If we inquire into the function of an intellectual style of thought for the public sphere, we uncover a somewhat surprising feature that is common to Adorno and Habermas.  It is true that for Adorno what is crucial is the process of negation that has dissent as its goal, while Habermas's form of critique is inspired by the idea of communication which - in the best case - can culminate in agreement.  But in both men, the appellative function of intellectual critique, whether it addresses morally sensitive subjects, as in Adorno's case, or a politically functioning public sphere, as with Habermas, points to the agonal positionality of the intellectual style of thought. Agonality [, the battle for meaning,] is the defining feature of the intellectual style of thought which finds expression wherever commonly accepted views, convictions, institutional preconceptions and tendencies become the objects of contestation.  As an agonal form, intellectual critique is an 'incompetent but legitimate form of criticism' (Lepsius, 1964).  It follows that agonality is an interpersonal characteristic of the intellectual style of thought.  It may make its appearance in finely graded and highly divergent versions: in Adorno's case as agonality with the goal of dissent, in that of Habermas as agonality with the goal of deliberation.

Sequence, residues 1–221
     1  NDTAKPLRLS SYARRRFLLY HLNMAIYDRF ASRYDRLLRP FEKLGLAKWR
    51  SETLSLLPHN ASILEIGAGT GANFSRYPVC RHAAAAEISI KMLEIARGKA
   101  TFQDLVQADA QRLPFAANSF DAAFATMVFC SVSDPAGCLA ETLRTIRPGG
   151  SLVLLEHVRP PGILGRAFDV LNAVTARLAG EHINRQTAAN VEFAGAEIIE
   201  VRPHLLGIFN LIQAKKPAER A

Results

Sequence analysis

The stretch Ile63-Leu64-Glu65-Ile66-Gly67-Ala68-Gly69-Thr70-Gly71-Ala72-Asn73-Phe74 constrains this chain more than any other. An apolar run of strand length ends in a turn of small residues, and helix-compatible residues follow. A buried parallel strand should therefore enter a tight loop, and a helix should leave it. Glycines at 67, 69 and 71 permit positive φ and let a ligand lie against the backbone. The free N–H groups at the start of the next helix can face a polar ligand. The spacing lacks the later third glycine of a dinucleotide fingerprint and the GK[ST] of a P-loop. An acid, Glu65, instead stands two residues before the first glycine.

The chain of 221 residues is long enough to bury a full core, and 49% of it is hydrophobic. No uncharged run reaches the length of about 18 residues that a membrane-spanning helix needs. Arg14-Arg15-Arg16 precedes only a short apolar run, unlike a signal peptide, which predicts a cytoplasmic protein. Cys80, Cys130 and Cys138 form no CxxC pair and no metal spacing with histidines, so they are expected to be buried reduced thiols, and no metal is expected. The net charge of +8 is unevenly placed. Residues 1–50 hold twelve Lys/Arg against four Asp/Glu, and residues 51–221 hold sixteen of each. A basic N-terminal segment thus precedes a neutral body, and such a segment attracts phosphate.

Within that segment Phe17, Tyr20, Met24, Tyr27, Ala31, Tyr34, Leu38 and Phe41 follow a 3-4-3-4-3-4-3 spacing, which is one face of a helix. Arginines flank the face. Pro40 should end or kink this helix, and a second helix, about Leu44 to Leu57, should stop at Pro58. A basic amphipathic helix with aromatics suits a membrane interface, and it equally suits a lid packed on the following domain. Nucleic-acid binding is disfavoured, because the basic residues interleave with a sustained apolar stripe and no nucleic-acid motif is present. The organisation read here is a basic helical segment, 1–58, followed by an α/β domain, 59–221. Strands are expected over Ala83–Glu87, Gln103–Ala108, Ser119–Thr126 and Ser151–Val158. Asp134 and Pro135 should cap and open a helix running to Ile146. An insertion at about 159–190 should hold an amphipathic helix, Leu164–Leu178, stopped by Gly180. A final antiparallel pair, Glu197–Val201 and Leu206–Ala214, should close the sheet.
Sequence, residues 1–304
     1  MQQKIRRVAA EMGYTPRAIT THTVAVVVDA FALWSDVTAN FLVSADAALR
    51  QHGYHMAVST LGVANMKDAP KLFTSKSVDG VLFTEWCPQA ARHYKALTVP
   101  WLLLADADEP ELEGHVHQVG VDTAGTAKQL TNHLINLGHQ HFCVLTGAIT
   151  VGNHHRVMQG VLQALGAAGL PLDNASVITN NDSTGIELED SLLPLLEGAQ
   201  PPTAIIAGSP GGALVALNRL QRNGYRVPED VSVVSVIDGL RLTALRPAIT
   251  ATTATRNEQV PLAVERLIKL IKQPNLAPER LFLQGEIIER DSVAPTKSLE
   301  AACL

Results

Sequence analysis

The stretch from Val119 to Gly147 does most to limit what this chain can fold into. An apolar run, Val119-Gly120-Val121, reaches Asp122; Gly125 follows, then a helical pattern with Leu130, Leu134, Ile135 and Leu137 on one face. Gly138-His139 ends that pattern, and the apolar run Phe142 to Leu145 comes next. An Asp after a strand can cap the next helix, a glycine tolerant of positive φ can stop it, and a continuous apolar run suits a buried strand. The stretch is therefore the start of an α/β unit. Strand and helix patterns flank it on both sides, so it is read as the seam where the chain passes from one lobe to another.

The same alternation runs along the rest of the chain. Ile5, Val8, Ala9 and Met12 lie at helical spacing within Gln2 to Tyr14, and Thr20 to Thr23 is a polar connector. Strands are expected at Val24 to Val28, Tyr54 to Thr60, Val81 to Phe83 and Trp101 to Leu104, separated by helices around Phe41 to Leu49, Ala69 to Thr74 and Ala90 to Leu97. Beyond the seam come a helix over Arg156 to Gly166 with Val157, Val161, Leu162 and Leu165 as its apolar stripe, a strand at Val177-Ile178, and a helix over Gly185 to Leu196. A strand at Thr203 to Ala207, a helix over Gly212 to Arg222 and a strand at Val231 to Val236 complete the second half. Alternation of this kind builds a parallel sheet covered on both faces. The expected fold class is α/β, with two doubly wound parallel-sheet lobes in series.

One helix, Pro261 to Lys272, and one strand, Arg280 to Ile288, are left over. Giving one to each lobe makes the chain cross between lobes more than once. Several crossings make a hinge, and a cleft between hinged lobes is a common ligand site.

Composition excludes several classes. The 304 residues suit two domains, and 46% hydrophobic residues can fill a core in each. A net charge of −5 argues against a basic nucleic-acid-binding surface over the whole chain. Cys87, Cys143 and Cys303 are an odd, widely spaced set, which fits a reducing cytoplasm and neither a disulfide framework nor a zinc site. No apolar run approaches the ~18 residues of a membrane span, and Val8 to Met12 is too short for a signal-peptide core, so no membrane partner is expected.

William Outhwaite (Sociology, Sussex)
Civil Society Debates and European Public Intellectuals

What is, and how does one become, a European intellectual? This paper attempts to relate the idea of the intellectual in contemporary Europe to discussions of the eventual (in either sense of the term) existence of a European civil society or public sphere.  I shall take a limited informal sample of sociologists and other intellectuals and explore the dimensions of their pan-European resonance and the extent to which this is facilitated or hindered by media, academic and cultural structures.

Joanna Prus, Aleksandra Walentynowicz (CSS Warsaw)
Recontextualisations of a Public Intellectual: The Case of Gunnar Myrdal.

This work-in-progress is an attempt to look at how space and time affect the reception of a public intellectual and his work. Following extensive research into the matter, the case at hand will be the life an work of Gunnar Myrdal, and the recontextualisation of it in Poland. While seen as a public figure, Gunnar Myrdal was not necessarily perceived as an `intellectual´ and could hardly be seen as a name associated with social science as practiced locally. Any attempt at understanding this requires a brief introduction to the background in historical time-lines and an explanation of the peculiarity of the Polish public sphere, with the continued interdependence between politics and science. Contrasted with the reception and significance of Myrdal elsewhere, both in the past and present, the Polish case should highlight the differences in a shared yet distinct history.